Like many other longtime Democratic senators, South Dakota's Tom Daschle dreamed of one day being involved in legislation that finally put into place a system of universal healthcare in the United States. But after a close election in 2004 cost the minority leader his Senate seat—and personal income tax issues derailed his nomination to be President Obama's health and human services secretary—he wasn't officially involved in passage of the Affordable Care Act. But as he recounts in his new book Getting It Done, as a friend and informal adviser to Obama, Daschle had a close view of the legislative wrangling and the emotional, partisan debates that ultimately lead to enactment of perhaps the most substantial legislation in a generation and what could become the most important law Congress has ever passed on healthcare. Daschle spoke recently with U.S. News about his role in the bill's passage and how he hopes the country will progress on the healthcare issue. Excerpts:
Many of the interests in the debate, such as insurance companies and the pharmaceutical industry, started reaching out to Barack Obama even before he was elected, regarding what the final bill would be. Why?
I think they did it for two reasons. One, they felt that we had to address the challenges we face in health—cost, access, and quality—and we couldn't avoid this problem any longer. And that if they began developing lines of communication and cooperation early on, it would enhance their leverage as we worked through these very difficult problems, and I think that's exactly what happened.
From Obama's point of view, did it improve the final product to work with the industry so early?
Well, I think that all along, the president understood that it was important to try to be pragmatic. And he certainly is a student of history, and remembers quite clearly that through seven efforts in the past, it was the stakeholders almost more than anyone else who were responsible for defeating healthcare. So bringing the stakeholders to the table, and making sure that they were engaged and invested, was I think one of the critical reasons why healthcare was successful this time.
When you look at what was finally passed, and all of the legislative maneuvering that it took, what would you say is its strongest point, and its weakest point?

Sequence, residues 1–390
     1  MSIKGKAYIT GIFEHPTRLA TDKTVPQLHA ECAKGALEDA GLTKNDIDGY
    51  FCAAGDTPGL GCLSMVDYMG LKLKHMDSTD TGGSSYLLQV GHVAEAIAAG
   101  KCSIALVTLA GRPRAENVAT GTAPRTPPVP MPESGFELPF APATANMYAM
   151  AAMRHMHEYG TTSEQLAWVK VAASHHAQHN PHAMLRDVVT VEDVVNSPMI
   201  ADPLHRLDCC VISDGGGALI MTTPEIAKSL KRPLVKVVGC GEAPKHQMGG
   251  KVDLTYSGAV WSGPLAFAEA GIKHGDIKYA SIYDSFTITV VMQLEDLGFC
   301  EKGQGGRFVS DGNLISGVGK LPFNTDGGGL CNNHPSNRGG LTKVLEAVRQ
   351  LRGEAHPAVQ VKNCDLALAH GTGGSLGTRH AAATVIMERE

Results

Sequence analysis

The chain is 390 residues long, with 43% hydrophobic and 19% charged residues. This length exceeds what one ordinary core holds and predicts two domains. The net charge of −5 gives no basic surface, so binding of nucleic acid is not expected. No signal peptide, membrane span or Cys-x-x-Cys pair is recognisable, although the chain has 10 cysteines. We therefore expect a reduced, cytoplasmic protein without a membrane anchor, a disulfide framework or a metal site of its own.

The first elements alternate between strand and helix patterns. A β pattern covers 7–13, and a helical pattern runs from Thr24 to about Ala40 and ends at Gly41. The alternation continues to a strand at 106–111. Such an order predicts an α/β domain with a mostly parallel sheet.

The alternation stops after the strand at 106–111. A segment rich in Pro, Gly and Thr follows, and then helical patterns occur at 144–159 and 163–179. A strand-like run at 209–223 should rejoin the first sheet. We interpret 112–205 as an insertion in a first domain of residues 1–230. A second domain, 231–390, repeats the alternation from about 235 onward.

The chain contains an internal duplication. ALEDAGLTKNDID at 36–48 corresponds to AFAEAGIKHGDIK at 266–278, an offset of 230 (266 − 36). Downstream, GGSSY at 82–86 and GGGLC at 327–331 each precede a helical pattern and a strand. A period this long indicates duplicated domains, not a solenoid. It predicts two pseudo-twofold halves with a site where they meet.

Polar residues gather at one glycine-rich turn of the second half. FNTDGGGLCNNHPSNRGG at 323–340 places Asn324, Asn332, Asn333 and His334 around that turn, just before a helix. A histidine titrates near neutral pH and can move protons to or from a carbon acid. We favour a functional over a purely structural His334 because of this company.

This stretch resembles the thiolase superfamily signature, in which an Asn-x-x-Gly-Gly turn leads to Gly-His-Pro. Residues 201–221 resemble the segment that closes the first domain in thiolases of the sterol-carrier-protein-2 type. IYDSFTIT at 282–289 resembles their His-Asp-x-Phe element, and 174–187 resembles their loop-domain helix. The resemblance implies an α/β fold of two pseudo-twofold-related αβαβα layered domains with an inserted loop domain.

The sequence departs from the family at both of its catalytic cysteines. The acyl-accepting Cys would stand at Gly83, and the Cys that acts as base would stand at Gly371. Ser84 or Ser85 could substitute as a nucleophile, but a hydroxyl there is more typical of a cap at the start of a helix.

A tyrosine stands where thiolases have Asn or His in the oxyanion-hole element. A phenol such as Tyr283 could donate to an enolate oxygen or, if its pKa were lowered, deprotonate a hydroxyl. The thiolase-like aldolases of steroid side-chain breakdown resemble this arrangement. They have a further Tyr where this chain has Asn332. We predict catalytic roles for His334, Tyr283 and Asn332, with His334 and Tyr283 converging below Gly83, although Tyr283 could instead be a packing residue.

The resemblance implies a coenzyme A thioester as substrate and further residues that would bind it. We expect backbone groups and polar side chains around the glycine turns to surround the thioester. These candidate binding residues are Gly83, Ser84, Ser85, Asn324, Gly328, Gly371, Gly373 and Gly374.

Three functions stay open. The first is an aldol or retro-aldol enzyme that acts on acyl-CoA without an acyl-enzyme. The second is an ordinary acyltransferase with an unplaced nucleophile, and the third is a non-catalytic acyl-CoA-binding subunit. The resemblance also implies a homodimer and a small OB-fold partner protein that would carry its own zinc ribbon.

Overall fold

I think the strongest point, by far, is the infrastructure that has now been created, or, I should say, the infrastructure that will be created over the course of the next several years. To provide far greater access, through insurance, to healthcare for the vast majority of the American people. Providing both access as well as new confidence in their financial security, as they address their health problems and challenges. That's the strength. I would say that the big concern I have is whether or not the other two challenges we face in healthcare, cost and quality, will be adequately addressed. I think we're off to a strong start in those categories as well.
This law has moving parts, to be enacted at different times. And who knows what the political climate is going to be in four years or in 10 years? Are you worried that a different administration or a different Congress might not implement this in the way that its authors are hoping it will be?
That is a concern. I think that it's harder for opponents of health reform to do so as the years unfold, because with each year, additional infrastructure is built, and additional cost support for many of the provisions in this law will continue to grow. But I think that it is a very significant concern as we start out. And I think that in the early years, especially, whether it's legal challenges as we've seen now with two court cases, or legislative challenges that could come if Republicans are to take control, [these] are concerns that are going to continue to have to be part of the landscape.
What do you say to someone who says, "Look, this is a free country. The government has no business telling me that I have to buy or purchase anything"?